New Hampshire officials confirmed on Friday, April 5, that emerald ash borer (EAB), an invasive wood boring beetle that attacks and kills ash trees, has been found in the state. Specimens from a suspect tree in Concord were collected and sent to scientists at the U.S. Dept. of Agriculture, which confirmed the insect's identity.
EAB is native to China and eastern Asia. Since its first U.S. detection in Michigan more than 10 years ago, EAB has been responsible for the decline or death of tens of millions of U.S. ash trees. The interstate movement of firewood from quarantine areas is an especially high-risk pathway for spreading EAB. According to the New Hampshire Department of Agriculture, EAB now occurs in 19 states and two Canadian provinces.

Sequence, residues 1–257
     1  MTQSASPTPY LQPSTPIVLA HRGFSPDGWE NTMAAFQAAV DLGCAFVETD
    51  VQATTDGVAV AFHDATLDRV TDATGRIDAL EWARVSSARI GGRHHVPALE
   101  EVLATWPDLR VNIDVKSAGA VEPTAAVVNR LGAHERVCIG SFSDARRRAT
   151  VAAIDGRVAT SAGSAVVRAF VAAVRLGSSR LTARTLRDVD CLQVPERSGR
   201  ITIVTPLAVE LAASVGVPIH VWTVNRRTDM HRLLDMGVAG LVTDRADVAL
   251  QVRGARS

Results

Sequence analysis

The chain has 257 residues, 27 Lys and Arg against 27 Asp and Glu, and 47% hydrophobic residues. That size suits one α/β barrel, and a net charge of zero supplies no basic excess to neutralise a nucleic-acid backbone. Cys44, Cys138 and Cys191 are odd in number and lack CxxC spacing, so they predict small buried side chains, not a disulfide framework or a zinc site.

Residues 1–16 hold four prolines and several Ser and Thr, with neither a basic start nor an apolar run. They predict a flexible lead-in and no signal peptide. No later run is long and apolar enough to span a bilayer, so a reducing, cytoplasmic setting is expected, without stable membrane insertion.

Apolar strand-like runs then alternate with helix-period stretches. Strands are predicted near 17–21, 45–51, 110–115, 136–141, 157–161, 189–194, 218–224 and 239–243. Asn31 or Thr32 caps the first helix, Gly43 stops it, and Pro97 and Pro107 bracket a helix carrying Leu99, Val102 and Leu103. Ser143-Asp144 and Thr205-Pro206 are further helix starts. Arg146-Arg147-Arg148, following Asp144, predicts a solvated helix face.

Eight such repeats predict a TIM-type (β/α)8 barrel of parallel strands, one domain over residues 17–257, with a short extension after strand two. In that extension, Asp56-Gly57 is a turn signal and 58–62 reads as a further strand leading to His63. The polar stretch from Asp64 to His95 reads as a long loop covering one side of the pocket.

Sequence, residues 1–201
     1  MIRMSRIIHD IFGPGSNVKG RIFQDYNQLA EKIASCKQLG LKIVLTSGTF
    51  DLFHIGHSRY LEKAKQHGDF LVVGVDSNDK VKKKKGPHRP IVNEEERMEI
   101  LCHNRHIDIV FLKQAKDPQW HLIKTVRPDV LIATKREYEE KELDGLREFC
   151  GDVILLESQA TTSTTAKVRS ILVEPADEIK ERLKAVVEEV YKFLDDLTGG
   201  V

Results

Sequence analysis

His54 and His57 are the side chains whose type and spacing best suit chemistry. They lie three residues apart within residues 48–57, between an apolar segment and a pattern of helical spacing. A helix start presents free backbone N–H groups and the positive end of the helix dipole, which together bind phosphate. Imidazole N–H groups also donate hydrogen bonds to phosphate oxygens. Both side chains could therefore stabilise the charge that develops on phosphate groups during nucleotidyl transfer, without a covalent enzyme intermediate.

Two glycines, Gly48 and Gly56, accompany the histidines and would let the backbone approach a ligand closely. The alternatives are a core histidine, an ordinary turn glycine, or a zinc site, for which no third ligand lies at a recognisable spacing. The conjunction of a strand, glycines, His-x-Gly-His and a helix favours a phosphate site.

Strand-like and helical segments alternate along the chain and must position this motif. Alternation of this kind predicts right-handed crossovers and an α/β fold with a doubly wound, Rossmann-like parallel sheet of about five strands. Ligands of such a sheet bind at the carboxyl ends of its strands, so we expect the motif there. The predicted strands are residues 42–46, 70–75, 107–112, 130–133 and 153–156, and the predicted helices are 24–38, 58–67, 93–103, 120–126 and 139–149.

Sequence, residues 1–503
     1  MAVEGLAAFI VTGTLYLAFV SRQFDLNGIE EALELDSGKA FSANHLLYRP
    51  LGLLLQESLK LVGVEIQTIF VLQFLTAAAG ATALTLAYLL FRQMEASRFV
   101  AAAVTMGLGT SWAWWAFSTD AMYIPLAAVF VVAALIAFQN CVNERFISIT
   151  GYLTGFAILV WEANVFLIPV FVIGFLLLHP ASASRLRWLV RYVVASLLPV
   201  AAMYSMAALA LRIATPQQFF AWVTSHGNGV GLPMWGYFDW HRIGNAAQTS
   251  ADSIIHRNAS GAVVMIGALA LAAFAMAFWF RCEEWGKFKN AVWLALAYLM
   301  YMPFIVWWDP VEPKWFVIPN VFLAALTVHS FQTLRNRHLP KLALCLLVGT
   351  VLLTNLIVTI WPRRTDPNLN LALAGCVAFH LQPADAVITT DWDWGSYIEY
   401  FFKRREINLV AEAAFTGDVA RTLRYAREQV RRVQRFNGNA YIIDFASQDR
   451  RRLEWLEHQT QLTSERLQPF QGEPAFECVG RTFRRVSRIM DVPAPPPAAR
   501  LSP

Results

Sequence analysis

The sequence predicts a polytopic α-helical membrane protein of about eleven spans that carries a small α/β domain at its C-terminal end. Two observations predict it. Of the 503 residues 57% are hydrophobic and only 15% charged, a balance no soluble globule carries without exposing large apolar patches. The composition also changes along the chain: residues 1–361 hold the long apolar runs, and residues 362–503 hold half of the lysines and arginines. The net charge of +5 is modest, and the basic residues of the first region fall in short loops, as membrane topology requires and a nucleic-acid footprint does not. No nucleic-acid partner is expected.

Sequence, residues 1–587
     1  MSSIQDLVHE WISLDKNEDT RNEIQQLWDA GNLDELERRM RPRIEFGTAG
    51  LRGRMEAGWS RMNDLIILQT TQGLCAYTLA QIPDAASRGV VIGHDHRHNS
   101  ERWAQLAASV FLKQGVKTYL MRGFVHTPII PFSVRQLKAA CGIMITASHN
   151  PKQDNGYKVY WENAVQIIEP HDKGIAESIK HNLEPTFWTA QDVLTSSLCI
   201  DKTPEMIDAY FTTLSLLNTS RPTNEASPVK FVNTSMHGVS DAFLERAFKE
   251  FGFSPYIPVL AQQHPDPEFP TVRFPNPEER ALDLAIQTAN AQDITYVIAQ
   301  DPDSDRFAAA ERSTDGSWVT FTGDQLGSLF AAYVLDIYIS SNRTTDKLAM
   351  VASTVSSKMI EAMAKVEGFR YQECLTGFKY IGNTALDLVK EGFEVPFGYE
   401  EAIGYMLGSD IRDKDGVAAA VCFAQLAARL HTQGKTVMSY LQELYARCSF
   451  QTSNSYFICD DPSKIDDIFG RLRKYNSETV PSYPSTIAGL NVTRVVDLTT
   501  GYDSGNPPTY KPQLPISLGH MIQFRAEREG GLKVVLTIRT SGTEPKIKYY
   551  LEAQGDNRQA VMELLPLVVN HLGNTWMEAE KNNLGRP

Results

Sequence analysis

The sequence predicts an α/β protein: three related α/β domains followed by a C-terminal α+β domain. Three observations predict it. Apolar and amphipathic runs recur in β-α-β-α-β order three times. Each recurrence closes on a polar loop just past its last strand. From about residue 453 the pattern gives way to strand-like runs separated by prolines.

The finding in Concord is the easternmost detection in North America. It was detected in Western Massachusetts last summer. To read TCIA's official press release, click here.
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